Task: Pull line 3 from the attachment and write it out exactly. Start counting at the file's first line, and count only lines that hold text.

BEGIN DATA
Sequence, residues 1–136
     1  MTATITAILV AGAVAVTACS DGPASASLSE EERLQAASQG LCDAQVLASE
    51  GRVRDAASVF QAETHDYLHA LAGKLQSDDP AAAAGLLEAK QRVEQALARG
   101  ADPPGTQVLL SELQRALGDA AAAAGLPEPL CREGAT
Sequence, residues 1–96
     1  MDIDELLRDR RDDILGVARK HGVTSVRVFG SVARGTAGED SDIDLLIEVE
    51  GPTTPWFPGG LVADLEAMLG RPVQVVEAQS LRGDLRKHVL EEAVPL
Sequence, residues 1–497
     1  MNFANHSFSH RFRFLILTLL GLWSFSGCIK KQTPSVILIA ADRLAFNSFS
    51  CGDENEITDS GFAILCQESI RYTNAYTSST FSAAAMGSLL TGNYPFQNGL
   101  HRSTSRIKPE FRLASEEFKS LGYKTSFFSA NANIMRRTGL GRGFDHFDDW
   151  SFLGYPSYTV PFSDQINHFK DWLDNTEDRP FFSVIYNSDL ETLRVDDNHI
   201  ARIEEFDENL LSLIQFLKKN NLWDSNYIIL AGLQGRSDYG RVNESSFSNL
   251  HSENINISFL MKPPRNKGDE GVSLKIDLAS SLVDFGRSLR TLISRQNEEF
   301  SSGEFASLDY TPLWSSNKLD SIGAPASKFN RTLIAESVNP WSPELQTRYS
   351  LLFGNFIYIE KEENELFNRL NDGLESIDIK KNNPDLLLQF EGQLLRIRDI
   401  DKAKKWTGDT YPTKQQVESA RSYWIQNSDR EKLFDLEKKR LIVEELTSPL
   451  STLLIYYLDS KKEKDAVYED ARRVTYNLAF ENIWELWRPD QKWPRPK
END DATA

    51  GRVRDAASVF QAETHDYLHA LAGKLQSDDP AAAAGLLEAK QRVEQALARG